The clinical course of myasthenia gravis varies and is often affected by recurrent illness, emotions, and medications. (See Drugs to Watch Out For.) Weakness can be confined to specific muscle groups, such as those that control the eyes, or progress to generalized weakness. Ptosis and diplopia may be the patient's first symptoms. Her facial expressions and her speech may change. Chewing and swallowing may be difficult. She may also have difficulty with fine motor tasks, such as writing, or tire when she raises her arms above her head.
The most serious effect of myasthenia gravis is weakness of the intercostal muscles and the diaphragm. Breathless and unable to cough and clear secretions, the. patient may develop respiratory distress and require ventilator support. A sudden exacerbation of symptoms with respiratory failure is known as myasthenic crisis.
Myasthenia gravis affects both sexes and all races and ages. The peak incidence is between ages 20 and 30, with women more commonly affected at a younger age. The Myasthenia Gravis Foundation of America estimates that the disease affects 14 of every 100,000 Americans, but the prevalence could be much higher because diagnosis is difficult.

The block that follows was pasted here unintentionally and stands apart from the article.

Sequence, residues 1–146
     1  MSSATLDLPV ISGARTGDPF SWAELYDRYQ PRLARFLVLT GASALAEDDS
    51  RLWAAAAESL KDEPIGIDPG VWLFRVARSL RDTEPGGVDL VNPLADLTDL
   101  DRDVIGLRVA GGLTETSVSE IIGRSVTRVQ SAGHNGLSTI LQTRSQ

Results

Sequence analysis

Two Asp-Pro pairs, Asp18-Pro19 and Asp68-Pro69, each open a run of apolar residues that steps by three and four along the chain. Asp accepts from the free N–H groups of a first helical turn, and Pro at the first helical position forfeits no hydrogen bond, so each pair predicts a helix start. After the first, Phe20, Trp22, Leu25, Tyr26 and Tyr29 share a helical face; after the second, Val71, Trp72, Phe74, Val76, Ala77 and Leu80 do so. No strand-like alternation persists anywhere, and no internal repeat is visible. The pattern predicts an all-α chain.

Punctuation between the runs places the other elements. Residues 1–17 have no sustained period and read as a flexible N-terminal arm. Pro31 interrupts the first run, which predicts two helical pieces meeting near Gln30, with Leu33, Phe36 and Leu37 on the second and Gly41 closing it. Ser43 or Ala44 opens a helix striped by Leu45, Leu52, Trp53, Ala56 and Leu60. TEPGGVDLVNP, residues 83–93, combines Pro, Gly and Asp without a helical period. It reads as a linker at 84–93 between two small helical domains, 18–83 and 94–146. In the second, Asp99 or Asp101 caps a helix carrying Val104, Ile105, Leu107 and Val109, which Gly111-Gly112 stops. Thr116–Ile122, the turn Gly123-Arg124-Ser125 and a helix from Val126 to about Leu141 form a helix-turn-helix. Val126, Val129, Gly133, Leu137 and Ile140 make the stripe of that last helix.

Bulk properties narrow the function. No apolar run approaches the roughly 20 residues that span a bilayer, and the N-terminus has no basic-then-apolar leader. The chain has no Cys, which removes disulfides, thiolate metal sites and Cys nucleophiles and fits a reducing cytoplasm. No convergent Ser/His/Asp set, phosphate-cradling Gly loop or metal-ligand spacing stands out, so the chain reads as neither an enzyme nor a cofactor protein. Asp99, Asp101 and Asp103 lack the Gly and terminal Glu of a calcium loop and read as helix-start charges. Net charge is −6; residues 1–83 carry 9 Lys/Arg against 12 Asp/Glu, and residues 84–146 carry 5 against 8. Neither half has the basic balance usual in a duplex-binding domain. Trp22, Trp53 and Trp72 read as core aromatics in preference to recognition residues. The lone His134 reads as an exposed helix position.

To pinpoint the diagnosis, the physician performs a thorough neurologic examination, a complete history, and a Tensilon (edrophonium chloride) test. Injected intravenously, Tensilon significantly improves muscle weakness within 60 seconds and sustains improvement for up to 5 minutes. Only the weakness of myasthenia gravis reverses dramatically after Tensilon. My diagnosis was clear-cut because my Tensilon test was positive.